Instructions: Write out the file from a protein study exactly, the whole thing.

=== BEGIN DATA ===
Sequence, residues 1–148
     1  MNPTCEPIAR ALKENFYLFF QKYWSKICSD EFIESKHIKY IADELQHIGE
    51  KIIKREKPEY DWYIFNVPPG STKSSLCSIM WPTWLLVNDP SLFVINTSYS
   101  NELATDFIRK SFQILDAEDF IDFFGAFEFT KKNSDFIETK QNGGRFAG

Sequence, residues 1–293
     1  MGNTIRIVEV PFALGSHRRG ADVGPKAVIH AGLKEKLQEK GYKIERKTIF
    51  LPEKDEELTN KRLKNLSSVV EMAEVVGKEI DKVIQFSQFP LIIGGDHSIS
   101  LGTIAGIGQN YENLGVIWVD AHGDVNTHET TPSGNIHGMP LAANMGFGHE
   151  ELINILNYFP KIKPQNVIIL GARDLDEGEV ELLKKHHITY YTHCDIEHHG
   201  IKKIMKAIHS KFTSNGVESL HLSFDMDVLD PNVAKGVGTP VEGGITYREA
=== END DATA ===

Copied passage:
Sequence, residues 1–148
     1  MNPTCEPIAR ALKENFYLFF QKYWSKICSD EFIESKHIKY IADELQHIGE
    51  KIIKREKPEY DWYIFNVPPG STKSSLCSIM WPTWLLVNDP SLFVINTSYS
   101  NELATDFIRK SFQILDAEDF IDFFGAFEFT KKNSDFIETK QNGGRFAG

Sequence, residues 1–293
     1  MGNTIRIVEV PFALGSHRRG ADVGPKAVIH AGLKEKLQEK GYKIERKTIF
    51  LPEKDEELTN KRLKNLSSVV EMAEVVGKEI DKVIQFSQFP LIIGGDHSIS
   101  LGTIAGIGQN YENLGVIWVD AHGDVNTHET TPSGNIHGMP LAANMGFGHE
   151  ELINILNYFP KIKPQNVIIL GARDLDEGEV ELLKKHHITY YTHCDIEHHG
   201  IKKIMKAIHS KFTSNGVESL HLSFDMDVLD PNVAKGVGTP VEGGITYREA